Mayor Pete

Starring: Pete and Chastain and a bunch of other people along the way.

Directed By: Jesse Moss

Where I Watched it: Amazon

English Audio Description Available?: Yes

The Plot: A documentary attempting to chart the meteoric rise of the Mayor of South Bend as he embarks on his quest to become the first openly gay President of the United States.

What Works: Well, the runtime is pretty accessible. Not to insult Pete, but I think a long documentary about him would be a bit much at this point in time. Hopefully, he will continue to be a major player in politics, and future films about him will be able to tackle a wider breadth of his body of work. For now, this documentary works just by attempting to show this little moment in time in Pete’s race to the White House and a look at how it progresses, and the fans he accumulates along the way.

Overall, this remains just a rather upbeat, flattering portrayal, and even though it features a Democratic nominee for President, it doesn’t lay on the political leaning the whole film. There are looks at his home life with Chastain, and many little questions throughout the movie where Pete gets to show a more personal side of himself than perhaps we saw in the town halls and debates (though some of that footage is used as well). I’m not going to say a red state Republican is going to cherish this film, but I found it surprisingly less preachy than the rather similar Running With Beto, and it’s certainly not a Michael Moore movie.

What Doesn’t Work: It’s a movie for the moment. Not that it’s always a bad thing to be a movie of the moment, but when you get further away from his campaign and he’s now just our Secretary of Transportation, and his future as a political candidate is unknown. It becomes a challenge to take a look at this film and say this will be relevant in ten years, or twenty. He may be an amazing man of our moment, but he’s still no Harvey Milk, or any other historical figure whose story has transcended time.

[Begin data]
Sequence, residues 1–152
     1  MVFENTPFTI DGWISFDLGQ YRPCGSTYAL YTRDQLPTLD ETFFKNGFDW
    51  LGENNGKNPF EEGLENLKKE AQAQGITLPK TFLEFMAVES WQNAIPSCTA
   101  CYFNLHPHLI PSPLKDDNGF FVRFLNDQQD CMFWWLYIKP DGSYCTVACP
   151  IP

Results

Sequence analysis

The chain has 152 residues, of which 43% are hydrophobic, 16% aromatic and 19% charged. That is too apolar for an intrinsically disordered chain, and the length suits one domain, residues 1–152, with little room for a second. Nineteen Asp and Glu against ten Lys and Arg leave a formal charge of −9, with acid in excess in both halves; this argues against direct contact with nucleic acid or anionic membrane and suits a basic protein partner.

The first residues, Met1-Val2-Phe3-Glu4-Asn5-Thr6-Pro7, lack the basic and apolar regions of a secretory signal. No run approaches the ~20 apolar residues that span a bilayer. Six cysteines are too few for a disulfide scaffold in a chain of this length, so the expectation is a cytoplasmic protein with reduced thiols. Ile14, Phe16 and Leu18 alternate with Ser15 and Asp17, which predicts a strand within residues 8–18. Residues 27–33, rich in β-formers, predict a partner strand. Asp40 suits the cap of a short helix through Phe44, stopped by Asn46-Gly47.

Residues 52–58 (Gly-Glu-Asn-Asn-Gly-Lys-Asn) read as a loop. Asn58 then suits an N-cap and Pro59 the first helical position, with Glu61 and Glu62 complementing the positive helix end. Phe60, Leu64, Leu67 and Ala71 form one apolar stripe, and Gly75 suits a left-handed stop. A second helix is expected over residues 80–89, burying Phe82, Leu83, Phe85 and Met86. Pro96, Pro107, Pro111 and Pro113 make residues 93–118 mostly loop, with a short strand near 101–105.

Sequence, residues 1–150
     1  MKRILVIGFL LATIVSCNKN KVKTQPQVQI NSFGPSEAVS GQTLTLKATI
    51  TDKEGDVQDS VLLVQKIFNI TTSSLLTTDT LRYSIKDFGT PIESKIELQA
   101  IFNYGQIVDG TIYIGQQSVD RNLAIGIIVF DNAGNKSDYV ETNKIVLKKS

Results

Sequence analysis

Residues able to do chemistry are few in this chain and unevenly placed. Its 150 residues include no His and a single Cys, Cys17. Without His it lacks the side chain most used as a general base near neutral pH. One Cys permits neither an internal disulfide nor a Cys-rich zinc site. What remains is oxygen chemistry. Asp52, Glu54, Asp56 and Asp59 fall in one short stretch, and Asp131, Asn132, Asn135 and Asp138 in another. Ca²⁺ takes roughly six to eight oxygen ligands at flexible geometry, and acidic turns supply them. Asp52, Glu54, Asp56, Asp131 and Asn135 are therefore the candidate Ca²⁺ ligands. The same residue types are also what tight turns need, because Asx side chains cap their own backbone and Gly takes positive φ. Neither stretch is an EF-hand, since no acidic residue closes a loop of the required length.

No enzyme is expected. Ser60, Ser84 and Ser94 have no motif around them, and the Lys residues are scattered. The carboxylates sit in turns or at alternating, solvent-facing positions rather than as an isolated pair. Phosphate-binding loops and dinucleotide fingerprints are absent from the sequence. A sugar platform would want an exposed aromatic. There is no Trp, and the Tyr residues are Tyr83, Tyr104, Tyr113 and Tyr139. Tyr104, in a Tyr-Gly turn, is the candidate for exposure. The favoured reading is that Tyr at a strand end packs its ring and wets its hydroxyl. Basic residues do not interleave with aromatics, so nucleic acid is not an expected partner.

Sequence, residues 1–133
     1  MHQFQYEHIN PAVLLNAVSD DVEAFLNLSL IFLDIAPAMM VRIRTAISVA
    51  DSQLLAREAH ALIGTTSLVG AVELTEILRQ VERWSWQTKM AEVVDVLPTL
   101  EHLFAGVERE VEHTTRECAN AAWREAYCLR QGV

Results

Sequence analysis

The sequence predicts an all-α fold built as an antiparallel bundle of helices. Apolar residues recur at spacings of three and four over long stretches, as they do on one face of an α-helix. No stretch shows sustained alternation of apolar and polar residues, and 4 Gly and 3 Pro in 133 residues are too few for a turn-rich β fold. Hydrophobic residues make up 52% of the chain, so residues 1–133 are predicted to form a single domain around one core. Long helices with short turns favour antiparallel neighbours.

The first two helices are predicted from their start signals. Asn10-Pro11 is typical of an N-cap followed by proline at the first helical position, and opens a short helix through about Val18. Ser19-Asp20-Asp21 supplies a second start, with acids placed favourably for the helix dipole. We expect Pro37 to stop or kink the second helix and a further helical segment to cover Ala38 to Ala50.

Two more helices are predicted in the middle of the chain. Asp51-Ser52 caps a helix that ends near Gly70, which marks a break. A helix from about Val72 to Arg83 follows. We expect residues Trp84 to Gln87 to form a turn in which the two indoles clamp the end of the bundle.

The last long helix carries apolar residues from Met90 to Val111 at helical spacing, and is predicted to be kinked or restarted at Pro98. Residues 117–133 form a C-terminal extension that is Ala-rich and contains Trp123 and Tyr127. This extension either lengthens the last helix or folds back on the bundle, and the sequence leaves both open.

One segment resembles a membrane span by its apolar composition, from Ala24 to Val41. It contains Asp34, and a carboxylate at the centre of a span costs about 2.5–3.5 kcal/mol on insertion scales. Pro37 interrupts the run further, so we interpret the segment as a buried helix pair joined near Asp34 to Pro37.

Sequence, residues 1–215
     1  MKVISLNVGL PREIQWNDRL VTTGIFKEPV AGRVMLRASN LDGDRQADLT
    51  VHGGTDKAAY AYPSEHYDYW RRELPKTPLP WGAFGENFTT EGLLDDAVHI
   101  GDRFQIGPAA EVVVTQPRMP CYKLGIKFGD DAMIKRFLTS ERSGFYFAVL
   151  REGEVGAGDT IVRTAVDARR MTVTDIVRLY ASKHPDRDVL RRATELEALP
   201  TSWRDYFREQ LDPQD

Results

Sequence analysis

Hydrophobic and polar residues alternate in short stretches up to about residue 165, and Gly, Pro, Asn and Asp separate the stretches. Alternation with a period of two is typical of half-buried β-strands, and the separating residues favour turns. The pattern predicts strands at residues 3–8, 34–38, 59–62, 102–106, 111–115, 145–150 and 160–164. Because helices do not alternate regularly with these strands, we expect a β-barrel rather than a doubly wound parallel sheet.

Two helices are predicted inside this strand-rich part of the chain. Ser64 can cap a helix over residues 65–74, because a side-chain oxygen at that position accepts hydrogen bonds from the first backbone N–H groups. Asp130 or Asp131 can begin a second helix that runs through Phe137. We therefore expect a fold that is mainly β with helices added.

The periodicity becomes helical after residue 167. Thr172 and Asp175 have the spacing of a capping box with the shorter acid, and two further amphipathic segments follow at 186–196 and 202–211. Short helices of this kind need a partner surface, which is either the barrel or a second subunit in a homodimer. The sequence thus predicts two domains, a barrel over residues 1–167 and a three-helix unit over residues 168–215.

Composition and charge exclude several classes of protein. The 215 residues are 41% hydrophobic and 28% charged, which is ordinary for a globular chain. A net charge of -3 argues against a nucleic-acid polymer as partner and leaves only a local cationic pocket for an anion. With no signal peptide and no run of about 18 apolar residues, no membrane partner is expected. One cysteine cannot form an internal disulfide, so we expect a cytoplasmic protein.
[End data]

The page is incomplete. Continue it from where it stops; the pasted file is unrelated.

So the biggest problem with Mayor Pete is that the further we get from the election cycle, the less interesting this film is, and the less it will be remembered in the pantheon of documentaries.

I admit that I like Pete. I would have voted for him had he not already dropped out. But even i felt like this documentary was so incredibly flattering, like there wasn’t a single stone to be unturned to show us something about Pete we didn’t already know. It was a look behind a curtain, but that curtain was already in the public eye, so what did I really learn? Nothing.

The Blind perspective: Since it is an Amazon original, they did put audio description here, which is nice. It almost adds a narrator into a documentary that is missing one, and narrators are somewhat common in this genre, at least more consistently than any other genre.

Final Thoughts: I feel the same way, basically, about this film that I did with Running With Beto. A look at a popular candidate at just the right moment, that history will judge whether or not this new and interesting entry is of long term significance or not. But while the iron is hot, it you like Pete, you’ll probably like this. If you’re not on that voting side of things, I don’t know if there’s anything here for you.

Final Grade: B-

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